Police noted a 16% rise in domestic violence reports in Israel, with calls to domestic abuse hotlines soaring between March and April. Women Against Violence, which operates a hotline in Arabic, recorded a 42% increase from March 15 to April 15 relative to last year.
“Women’s confinement with their abusers, compounded by the uncertainty of when the coronavirus crisis will end and growing economic stress, is “a bubbling pressure cooker,” says Michal Gera Margaliot, the executive director of the Israel Women’s Network.”
The physical violence is exacerbated by the collapse of support systems. At the start of the Corona crisis, government welfare services were closed due to preventative measures against the spread of the disease. After pressure from civil society organizations, social workers were brought back in full capacity. At the same time, counselors were not seen as essential workers and put on leave. Civil society leaders advocated for their return and called for single mothers to qualify for subsidies on a national level, and to be exempt from property tax at the municipal level, as are businesses and civil society groups.
In addition to the plans and recommendations listed above, the Social Affairs and Social Services Ministry developed a silent hotline allowing survivors who cannot call while quarantined to report their cases via text messages; it is also planning a multilingual campaign to publicize this resource. Arab MK Aida Touma-Sliman, who heads the Labor, Welfare and Health Committee, noted that these campaigns take longer to reach Arabic speaking communities and immediate action needed to be taken.
In recent years, eight new stations in Arab towns have been established and investments have been made to augment police presence in those areas. While budget cuts have hampered efforts, especially relative to the resources needed to fight organized crime, officials also say that along with policing, educational efforts and preventive action is required of mayors, imams, and the heads of communities and extended families.
Mayor of Tira, Mamoun Abd al-Hay, who has been raising the issue of violence in Arab communities, told Haaretz, that “on the backdrop of the grave economic situation and the years of neglect, the absence of a horizon for young people here will cause them to turn to crime. An investment in educational and cultural projects is more important than any police presence.”
Civil Society Response
In February, prior to the Corona outbreak, The Abraham Initiatives and Aman Center launched a 100-day campaign, demanding Knesset members to commit to five steps in the first 100 days of government that would enhance effective enforcement targeting organized crime, drug and weapon trafficking, and expand programs to combat domestic violence. Since the campaign the head of the TAI’s Safe Communities Initiatives advised and presented to both the Knesset Committee and the Inter-Ministerial committee referenced towards the national plan to address root causes of crime and violence in Arab society.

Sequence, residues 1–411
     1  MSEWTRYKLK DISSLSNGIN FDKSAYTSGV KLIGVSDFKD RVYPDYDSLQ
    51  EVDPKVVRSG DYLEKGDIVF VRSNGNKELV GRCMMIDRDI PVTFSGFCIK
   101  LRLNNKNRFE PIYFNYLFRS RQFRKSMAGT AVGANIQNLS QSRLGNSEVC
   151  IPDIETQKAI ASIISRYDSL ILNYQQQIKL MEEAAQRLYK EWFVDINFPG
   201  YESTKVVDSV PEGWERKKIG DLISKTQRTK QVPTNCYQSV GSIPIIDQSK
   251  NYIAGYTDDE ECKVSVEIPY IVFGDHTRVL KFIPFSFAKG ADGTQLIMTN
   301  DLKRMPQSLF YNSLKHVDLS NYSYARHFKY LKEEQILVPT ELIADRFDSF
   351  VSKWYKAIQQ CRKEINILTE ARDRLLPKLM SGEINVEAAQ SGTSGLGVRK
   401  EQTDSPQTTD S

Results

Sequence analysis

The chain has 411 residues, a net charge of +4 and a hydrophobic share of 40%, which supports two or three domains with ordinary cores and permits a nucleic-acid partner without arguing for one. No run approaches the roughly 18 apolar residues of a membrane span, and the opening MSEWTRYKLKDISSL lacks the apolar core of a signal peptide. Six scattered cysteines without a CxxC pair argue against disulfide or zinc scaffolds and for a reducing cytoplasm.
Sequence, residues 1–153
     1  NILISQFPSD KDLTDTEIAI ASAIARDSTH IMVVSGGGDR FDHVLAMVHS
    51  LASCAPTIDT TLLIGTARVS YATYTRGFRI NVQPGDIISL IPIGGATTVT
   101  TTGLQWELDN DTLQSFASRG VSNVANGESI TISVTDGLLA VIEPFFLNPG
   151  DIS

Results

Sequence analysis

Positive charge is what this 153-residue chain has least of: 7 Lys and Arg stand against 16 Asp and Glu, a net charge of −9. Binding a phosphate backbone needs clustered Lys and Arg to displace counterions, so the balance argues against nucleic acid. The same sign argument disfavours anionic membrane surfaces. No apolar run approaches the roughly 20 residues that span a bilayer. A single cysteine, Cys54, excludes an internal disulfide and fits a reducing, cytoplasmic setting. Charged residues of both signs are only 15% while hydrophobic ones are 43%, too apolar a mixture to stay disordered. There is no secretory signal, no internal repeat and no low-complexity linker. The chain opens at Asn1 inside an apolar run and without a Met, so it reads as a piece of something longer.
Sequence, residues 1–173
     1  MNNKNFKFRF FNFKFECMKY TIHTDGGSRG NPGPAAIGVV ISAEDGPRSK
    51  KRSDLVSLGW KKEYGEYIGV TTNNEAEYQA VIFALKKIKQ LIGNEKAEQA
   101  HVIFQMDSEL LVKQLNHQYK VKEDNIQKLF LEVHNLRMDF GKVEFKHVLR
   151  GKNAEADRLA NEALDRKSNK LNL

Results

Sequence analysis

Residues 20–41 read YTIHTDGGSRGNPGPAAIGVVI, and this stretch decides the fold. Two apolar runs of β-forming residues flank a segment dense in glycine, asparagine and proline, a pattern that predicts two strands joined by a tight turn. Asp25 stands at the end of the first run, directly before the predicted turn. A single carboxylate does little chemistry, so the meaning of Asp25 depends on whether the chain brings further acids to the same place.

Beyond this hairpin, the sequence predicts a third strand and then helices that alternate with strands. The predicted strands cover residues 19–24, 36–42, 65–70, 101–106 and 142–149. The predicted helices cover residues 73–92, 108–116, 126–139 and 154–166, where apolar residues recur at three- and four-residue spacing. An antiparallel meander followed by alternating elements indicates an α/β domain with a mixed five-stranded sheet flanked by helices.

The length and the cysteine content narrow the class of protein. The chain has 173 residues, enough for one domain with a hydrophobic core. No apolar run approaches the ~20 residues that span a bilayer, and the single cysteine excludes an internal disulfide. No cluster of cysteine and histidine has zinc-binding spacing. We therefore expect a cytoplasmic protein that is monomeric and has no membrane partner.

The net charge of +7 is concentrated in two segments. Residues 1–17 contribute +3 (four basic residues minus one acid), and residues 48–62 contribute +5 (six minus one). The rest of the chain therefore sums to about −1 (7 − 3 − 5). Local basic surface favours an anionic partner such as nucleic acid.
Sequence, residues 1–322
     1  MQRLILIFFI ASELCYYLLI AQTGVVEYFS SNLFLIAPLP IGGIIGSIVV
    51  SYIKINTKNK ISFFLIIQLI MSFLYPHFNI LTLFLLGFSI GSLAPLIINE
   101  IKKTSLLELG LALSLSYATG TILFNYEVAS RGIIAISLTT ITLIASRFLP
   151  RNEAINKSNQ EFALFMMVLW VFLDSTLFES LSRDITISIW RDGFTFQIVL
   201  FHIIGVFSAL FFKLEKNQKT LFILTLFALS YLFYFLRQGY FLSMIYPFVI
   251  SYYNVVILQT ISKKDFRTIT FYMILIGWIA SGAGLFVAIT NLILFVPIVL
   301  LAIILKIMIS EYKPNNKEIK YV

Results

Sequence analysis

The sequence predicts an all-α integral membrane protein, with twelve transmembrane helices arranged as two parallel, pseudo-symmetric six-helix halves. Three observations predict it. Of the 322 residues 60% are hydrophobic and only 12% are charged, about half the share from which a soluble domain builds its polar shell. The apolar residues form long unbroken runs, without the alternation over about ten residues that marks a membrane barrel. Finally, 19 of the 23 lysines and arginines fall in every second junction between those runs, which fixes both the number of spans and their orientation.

At the outbreak of the crisis, a group of feminist organizations and individual activists established an Emergency Feminist Headquarters with the goal of expanding and integrating responses to challenges faced by women during the crisis. The headquarter includes veteran organizations such as Mahapach-Taghir, Adva Center, Itach-Maaki, Al-Tufula Center, Isha L’Isha, Women Against Violence, and other feminist NGOs and individual activists. Among the notable activities of the headquarter is joining two campaigns condemning violence against women in Arab society and taking part in a demonstration against budget cuts affecting the national program on violence against women.
The headquarter has also arranged for the transportation of Arab and Jewish women to participate in rally to protest violence against women (including gender-related killings of women and girls) that took place in Tel Aviv-Yafo on June 1st with participation of around 12,000 people. Additionally, the headquarter has prepared a list of demands they request to be included in the new government national budget which is expected to be approved during August. In June and July, additional smaller protests took place in Rahat and Taibeh in response to the deaths of women at the hands of their husbands, drawing dozens of participants, as well as implicit and explicit threats from the community.
In an effort to understand and address the "phenomenon [of violence] and its spread, particularly among youth, who are the most likely to both perpetrate and fall victim to violent crime", Baladna - Association for Arab Youth and the Centre for Trust Peace and Social Relations at Coventry University in the United Kingdom, compiled a report of statistical data on murder victims in the Arab society in Israel between 2011 and 2019.